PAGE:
Donald Trump’ s political views have shifted back and forth over the decades. At times he has advocated for a wealth tax, national health insurance, and abortion rights. On many issues he has no position at all. Even now, two years after his election to the presidency, he remains ignorant about numerous policy areas. Trump’s lack of knowledge and disengagement is extreme, even in comparison to George W. Bush who, prior to Trump’s election, was seen as the laziest and dumbest president of the modern era. However, all presidents accept the policy positions of their party in most areas and leave the details of policy formulation and implementation to appointees who for the most part have had long careers in those areas, if only as lobbyists seeking to bend governmental decisions to favor their corporate employers. So it is no surprise that Trump, once he decided to pursue the Republican Party’s nomination assumed positions in favor of banning abortion, gutting environmental and financial regulation, and enacting tax cuts heavily skewed toward the rich.
There are two areas in which Trump has taken clear stands: race and trade. Trump’s long record of open racism is obvious and not my focus in this article. Trump also has consistently opposed liberalized trade and believes that trade agreements disadvantage the United States. In his view, when the U.S. runs a trade deficit that is prima facie evidence that the country with a surplus is robbing America. Back in the 1980s he denounced Japan, which to Trump and many others seemed the rising economic power whose innovative firms were dominating the auto and electronics sectors. Trump then advocated for a 20% tariff on Japanese imports. Trump’s views had mainstream support. The Reagan Administration forced Japan to agree to “voluntary” limits on auto exports to the U.S. More significantly, the 1985 Plaza Accord between the U.S., Japan, Germany, Britain and France led to coordinated central bank efforts that pushed the dollar’s value down by almost 50%, giving a huge advantage to American industrial firms. That accord sharply reduced the U.S. trade deficit. Of course, the Reverse Plaza Accord of 1995, which pushed the dollar up against the yen and European currencies, undid those effects, leading to waves of financial speculation that hit Asia, developing countries around the world, and finally the U.S. and Europe in 2008.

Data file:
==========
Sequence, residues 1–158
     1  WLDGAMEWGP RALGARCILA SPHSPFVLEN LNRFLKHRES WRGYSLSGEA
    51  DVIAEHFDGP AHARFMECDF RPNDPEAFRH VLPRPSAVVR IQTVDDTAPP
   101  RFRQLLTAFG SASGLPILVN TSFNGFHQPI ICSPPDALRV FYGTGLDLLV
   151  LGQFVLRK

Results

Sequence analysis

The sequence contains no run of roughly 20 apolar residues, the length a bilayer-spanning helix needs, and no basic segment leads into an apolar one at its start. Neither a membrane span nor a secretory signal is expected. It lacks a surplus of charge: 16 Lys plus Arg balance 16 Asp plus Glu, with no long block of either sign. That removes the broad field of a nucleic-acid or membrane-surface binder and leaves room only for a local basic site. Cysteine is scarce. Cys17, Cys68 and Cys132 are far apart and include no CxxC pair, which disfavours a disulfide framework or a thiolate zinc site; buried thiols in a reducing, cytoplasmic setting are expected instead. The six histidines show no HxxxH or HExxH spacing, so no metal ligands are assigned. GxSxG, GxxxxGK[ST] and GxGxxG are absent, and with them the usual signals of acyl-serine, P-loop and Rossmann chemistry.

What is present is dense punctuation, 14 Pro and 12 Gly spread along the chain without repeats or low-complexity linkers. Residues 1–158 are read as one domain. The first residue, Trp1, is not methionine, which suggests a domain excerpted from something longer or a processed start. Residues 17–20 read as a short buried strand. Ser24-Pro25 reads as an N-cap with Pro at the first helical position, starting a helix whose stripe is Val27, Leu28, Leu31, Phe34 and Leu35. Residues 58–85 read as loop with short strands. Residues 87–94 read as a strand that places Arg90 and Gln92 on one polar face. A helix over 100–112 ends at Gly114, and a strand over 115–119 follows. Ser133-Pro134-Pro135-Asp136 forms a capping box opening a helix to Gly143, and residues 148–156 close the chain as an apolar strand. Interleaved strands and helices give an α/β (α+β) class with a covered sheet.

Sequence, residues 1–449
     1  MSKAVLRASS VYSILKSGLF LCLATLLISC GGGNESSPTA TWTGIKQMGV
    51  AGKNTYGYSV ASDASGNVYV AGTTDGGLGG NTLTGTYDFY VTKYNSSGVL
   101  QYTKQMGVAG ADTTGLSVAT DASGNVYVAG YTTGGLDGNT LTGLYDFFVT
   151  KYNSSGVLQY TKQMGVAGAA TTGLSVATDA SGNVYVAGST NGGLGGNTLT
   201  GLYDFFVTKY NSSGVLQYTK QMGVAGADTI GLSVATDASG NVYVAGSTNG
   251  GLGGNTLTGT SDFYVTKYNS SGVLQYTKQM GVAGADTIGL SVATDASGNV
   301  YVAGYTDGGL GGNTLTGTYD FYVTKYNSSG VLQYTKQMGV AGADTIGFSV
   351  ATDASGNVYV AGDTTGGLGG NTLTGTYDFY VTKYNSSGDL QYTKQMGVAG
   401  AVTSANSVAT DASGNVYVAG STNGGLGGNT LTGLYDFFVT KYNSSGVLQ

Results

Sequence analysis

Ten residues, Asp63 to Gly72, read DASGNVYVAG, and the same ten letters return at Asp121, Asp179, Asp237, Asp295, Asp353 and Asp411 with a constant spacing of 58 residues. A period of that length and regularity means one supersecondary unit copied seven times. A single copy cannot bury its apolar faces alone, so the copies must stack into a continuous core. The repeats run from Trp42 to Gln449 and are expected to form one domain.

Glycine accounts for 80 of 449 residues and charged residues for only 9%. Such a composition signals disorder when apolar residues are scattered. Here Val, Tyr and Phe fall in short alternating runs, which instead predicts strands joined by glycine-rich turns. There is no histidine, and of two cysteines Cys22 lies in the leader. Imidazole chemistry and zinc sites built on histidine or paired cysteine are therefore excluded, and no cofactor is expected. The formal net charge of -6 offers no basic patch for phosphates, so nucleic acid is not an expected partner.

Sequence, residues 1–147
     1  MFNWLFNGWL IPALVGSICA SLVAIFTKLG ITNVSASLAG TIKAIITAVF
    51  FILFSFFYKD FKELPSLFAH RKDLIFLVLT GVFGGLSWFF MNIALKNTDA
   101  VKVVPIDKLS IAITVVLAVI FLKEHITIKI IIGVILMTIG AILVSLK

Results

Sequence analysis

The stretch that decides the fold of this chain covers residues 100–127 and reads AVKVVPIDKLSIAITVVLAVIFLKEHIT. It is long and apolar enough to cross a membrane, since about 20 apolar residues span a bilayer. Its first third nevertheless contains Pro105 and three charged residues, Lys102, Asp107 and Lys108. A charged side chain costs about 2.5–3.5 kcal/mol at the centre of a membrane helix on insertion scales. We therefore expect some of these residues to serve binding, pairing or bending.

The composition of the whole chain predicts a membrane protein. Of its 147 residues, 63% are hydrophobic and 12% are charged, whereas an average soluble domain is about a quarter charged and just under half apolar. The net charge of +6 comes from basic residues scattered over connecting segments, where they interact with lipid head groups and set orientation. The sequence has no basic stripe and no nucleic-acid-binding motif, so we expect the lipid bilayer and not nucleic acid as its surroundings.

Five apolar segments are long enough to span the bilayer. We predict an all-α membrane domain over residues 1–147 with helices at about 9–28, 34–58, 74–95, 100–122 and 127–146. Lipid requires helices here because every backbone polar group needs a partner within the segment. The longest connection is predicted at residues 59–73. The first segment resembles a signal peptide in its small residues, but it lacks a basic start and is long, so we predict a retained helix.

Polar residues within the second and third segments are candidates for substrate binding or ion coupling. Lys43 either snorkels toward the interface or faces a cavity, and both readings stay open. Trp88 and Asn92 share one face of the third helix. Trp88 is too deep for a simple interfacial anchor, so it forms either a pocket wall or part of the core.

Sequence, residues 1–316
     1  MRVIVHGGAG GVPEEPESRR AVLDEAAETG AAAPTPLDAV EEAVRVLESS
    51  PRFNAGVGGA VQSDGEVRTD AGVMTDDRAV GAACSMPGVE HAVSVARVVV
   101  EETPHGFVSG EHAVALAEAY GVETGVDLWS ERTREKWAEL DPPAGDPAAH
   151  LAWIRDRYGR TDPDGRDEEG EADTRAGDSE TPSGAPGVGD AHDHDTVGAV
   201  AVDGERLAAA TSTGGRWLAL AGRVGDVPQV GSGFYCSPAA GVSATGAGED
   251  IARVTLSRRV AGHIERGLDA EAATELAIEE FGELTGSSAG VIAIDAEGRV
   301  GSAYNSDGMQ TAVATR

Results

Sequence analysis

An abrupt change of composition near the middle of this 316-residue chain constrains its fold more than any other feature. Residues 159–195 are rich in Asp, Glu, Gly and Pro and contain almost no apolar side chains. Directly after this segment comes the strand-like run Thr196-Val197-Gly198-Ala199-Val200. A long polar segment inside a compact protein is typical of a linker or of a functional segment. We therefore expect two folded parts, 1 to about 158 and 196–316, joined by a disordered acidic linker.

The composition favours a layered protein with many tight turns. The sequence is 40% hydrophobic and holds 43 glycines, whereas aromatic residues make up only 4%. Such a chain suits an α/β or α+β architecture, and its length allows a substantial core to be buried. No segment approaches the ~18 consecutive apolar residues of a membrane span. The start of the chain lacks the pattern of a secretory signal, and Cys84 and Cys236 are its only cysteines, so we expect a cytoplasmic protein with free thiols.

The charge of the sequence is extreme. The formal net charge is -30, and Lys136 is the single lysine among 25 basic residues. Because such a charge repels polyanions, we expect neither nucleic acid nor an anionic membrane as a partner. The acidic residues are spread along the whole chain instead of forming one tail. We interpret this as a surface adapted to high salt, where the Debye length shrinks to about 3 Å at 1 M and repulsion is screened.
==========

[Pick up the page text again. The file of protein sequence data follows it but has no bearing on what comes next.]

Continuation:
The renegotiation of NAFTA between the U.S., Canada, and Mexico is emblematic of the real dynamics of trade deals under Trump. Trump repeatedly called NAFTA a disaster for the U.S. It was a potent argument during the 2008 campaign, in part because Bill Clinton had negotiated NAFTA and therefore Hillary was unable to escape association with the treaty. In addition, for many Trump supporters NAFTA was seen as somehow linked to the supposed waves of Mexican rapists and murderers who Trump claimed were flowing into the U.S. When he assumed office Trump threatened to withdraw from NAFTA. That prospect upset key businesses that were longtime backers of the Republican Party. Republicans in Congress pressured Trump to reach a new agreement with Canada and Mexico.
Trump is facing similar and even more intense pressure to end the trade war with China. He reportedly is spooked by the recent drop in U.S. stock markets and worries, with ample justification, that if there is a recession he will lose in 2020. As with NAFTA, he is sending his team of ideologues, political hacks and crooks to face the seasoned experts of other countries.